Compassionate people take action, while empaths tend to feel stuck with the other person in their suffering.
Empaths may slip into severe anxiety, depression, and grief, whereas compassionate people can better guard themselves from negative energy.
Empathy might drain your energy, while compassion will empower you to continue doing good for others.
Empathy and compassion can both be taught — however, empathy tends to be more innate. People often find compassion is much easier to learn and is supported as a crucial leadership trait worldwide. You can learn to approach a situation with kindness through mindfulness exercises, reflection, and self-awareness.
How to Set Loving Boundaries As an Empath
Empathy is a rare and wonderful trait to behold — but you must recognize when your innate love and compassion toward others is taking over your ability to function and differentiate your feelings. If you are an empathetic person, setting boundaries is crucial. Here are five gentle and loving ways to set boundaries with those around you.
1. Understand Your Limits
Empaths not only feel another's feelings — they often have trouble differentiating their emotions from someone else's. Likewise, they are expert listeners for others but rarely hear or anticipate their own needs. By default, empaths show up for everyone but themselves first.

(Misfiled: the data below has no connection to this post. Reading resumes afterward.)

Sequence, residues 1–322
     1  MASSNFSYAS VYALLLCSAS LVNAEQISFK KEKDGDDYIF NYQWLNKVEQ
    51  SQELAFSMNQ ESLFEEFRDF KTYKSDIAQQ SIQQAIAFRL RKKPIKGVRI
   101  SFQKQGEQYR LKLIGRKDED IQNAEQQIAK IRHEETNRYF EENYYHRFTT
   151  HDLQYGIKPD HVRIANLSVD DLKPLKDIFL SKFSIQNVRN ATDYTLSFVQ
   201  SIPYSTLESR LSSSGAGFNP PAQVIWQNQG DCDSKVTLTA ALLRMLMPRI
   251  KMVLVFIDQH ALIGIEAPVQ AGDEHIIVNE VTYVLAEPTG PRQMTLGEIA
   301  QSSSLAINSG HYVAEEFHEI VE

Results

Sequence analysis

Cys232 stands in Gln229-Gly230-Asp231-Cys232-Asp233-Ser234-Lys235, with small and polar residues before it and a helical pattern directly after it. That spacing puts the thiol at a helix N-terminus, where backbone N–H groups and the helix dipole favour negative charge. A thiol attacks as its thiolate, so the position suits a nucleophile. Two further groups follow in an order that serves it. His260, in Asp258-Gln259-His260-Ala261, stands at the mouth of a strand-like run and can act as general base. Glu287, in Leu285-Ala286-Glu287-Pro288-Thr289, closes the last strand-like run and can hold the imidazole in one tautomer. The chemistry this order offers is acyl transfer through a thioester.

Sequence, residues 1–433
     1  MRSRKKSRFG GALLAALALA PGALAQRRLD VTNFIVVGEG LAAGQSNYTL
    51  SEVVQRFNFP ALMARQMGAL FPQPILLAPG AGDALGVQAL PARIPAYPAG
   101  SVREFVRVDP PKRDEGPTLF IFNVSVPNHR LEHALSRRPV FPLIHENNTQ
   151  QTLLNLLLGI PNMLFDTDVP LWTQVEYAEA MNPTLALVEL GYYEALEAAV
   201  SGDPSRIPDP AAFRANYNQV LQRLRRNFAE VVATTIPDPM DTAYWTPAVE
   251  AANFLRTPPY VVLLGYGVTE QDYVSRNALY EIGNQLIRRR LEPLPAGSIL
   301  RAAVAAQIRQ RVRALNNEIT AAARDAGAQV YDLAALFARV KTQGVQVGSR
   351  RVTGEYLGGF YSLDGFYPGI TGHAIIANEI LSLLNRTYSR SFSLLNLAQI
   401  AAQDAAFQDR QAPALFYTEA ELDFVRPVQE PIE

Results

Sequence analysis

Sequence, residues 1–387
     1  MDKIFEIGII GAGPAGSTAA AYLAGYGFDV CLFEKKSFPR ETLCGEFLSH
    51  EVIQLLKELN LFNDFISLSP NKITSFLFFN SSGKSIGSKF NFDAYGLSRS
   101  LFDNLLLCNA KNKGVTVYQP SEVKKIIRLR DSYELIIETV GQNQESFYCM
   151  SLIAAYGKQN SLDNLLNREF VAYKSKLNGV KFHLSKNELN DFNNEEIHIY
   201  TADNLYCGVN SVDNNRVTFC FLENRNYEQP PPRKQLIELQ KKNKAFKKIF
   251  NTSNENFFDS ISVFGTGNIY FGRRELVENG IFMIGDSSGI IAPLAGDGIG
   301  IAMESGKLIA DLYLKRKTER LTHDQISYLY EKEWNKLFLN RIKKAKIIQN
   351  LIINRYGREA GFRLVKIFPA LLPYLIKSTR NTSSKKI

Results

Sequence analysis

Understanding your limitations and needs is important before creating new ground rules for everyone in your life. Many have an easier time saying "no" when they can fathom why they must set boundaries in the first place.
Spend some time reflecting on different situations that arise. How do you respond? Do your actions go against how you feel? Consider what would make you feel better or mentally stronger in those circumstances.
2. Take a Breath Before Saying "Yes"
If you're an empath, your first instinct is probably to say "yes" to a request before hearing or thinking about it. And why wouldn't you? Empaths couldn't imagine not helping in a situation, especially since the person might make the matter seem more urgent than it is.
Pausing before blurting out "yes" might take some practice, but it will allow you to digest what is being asked of you, allowing you time to decide whether or not you are capable of committing. You can tell them you must look at your calendar or will let them know the following day.
If you've committed to other things or know you currently lack the emotional and mental capacity to show up, you need to learn to be okay with it — and so do they.